pinMode(step_pin, OUTPUT);
   pinMode(SLEEP, OUTPUT);   
   digitalWrite(SLEEP, HIGH);  // Wake up EasyDriver
   delay(5);  // Wait for EasyDriver wake up
   
 /* Configure type of Steps on EasyDriver:
 // MS1 MS2
 //
 // LOW LOW = Full Step //
 // HIGH LOW = Half Step //
 // LOW HIGH = A quarter of Step //
 // HIGH HIGH = An eighth of Step //
 */ 
   digitalWrite(MS1, LOW);      // Configures to Full Steps
   digitalWrite(MS2, LOW);    // Configures to Full Steps
   
  pinMode(PinCLK,INPUT);  // Set Pin to Input
  pinMode(PinDT,INPUT);  
  pinMode(PinSW,INPUT);
  digitalWrite(PinSW, HIGH); // Pull-Up resistor for switch
  attachInterrupt (0,rotarydetect,FALLING); // interrupt 0 always connected to pin 2 on Arduino UNO
}


void loop ()  {

  if (!(digitalRead(PinSW))) {   // check if button is pressed
  if (StepperPosition == 0) {  // check if button was already pressed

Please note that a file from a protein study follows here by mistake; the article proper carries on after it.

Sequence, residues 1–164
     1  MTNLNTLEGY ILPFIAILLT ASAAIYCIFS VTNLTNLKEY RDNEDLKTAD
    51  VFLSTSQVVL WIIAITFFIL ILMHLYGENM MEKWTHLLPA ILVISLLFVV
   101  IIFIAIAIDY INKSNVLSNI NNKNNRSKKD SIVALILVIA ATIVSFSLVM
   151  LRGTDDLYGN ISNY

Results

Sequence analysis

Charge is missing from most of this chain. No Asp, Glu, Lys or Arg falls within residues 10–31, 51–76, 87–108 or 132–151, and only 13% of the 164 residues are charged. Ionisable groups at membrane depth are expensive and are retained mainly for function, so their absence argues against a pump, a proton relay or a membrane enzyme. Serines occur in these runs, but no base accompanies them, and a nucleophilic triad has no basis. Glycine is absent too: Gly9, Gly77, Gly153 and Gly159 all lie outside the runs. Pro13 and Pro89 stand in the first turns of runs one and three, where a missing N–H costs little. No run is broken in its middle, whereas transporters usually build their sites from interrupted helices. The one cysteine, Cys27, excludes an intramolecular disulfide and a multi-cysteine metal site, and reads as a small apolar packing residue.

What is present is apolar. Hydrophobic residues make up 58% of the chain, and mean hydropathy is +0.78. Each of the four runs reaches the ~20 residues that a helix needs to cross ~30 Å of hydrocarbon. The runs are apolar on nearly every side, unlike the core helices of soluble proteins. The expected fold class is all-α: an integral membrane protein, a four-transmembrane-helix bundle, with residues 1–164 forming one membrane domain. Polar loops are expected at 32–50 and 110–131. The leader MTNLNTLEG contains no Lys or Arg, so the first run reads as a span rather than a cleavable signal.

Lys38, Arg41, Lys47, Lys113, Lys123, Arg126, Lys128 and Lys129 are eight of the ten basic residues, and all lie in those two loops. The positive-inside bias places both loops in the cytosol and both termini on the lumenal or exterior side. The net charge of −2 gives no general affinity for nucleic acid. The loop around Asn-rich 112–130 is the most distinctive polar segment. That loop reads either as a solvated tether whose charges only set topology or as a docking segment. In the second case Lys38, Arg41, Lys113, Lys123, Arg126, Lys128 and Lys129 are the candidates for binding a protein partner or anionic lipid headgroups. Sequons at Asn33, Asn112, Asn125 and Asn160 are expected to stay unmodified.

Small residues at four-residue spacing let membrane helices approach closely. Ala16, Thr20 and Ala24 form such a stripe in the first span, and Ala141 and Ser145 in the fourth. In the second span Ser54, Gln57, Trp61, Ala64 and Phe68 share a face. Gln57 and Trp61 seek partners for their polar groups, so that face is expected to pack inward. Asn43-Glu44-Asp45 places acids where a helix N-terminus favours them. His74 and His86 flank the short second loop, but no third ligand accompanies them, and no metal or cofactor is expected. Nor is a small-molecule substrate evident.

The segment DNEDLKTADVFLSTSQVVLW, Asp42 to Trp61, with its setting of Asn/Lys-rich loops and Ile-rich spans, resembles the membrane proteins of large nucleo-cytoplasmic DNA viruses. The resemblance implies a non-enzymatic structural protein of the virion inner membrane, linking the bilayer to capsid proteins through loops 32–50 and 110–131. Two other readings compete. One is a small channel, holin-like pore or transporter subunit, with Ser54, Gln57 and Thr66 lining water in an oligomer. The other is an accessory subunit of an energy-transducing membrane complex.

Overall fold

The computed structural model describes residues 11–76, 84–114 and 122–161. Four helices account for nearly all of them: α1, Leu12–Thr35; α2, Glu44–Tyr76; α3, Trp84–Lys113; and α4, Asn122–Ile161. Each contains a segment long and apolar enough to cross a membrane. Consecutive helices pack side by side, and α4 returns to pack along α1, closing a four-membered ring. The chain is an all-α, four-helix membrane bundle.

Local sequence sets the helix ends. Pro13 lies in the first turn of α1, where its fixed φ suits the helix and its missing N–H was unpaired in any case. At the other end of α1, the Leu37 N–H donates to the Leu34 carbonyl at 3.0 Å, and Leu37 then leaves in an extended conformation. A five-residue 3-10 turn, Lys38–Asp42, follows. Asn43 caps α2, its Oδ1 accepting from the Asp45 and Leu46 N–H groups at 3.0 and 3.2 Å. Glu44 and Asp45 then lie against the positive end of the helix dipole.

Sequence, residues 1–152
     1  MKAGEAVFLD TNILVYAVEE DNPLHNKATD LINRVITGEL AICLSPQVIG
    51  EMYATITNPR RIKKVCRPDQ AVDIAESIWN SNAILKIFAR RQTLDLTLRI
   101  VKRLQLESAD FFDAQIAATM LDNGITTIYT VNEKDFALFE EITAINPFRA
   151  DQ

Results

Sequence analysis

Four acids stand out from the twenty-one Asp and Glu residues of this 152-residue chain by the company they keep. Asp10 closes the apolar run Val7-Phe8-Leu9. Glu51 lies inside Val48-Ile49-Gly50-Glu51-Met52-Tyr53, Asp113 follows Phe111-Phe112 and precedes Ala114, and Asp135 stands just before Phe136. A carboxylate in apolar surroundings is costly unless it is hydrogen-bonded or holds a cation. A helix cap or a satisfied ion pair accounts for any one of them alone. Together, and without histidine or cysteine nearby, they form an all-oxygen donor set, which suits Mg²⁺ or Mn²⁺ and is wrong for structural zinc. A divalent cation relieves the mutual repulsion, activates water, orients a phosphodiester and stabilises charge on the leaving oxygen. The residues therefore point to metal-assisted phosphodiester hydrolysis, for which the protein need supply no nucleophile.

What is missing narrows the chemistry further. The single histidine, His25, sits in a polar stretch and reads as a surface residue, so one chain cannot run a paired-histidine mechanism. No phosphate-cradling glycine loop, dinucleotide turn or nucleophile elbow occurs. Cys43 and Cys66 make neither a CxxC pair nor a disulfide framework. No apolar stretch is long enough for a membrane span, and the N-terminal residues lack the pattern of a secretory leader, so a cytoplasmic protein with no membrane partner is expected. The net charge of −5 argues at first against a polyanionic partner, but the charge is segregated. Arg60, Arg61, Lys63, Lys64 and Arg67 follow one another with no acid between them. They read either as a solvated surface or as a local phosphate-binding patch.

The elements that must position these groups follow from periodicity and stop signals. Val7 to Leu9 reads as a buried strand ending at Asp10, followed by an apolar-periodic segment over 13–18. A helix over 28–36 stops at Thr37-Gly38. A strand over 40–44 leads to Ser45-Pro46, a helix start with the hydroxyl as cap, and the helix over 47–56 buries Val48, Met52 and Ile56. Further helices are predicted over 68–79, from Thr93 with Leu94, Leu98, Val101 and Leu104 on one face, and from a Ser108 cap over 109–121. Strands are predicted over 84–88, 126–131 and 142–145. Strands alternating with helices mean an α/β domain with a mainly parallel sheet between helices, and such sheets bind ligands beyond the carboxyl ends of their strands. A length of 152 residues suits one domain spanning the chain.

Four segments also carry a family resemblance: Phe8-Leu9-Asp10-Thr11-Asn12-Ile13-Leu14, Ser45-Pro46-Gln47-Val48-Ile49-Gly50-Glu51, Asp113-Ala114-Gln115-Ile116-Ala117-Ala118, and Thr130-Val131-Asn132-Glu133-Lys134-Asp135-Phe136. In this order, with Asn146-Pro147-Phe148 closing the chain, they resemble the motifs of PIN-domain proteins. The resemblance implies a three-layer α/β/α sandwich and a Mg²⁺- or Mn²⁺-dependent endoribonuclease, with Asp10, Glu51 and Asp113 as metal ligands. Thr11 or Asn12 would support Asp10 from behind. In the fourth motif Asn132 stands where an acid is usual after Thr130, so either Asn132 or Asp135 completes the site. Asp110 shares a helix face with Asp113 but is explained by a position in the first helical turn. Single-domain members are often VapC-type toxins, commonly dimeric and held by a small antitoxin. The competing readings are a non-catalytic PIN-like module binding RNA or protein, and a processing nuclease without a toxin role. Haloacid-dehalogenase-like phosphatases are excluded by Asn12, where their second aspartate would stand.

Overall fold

} else {
      if (StepperPosition > 0) {  // Stepper was moved CW
        while (StepperPosition != 0){  //  Do until Motor position is back to ZERO
          digitalWrite(dir_pin, HIGH);  // (HIGH = anti-clockwise / LOW = clockwise)
          for (int x = 1; x < StepsToTake; x++) {
              digitalWrite(step_pin, HIGH);
              delay(1);
              digitalWrite(step_pin, LOW);
              delay(1);            
            }
            StepperPosition=StepperPosition-StepsToTake;
        }
      }
      else {
        while (StepperPosition != 0){ 
          digitalWrite(dir_pin, LOW);  // (HIGH = anti-clockwise / LOW = clockwise)
              for (int x = 1; x < StepsToTake; x++) {
              digitalWrite(step_pin, HIGH);
              delay(1);
              digitalWrite(step_pin, LOW);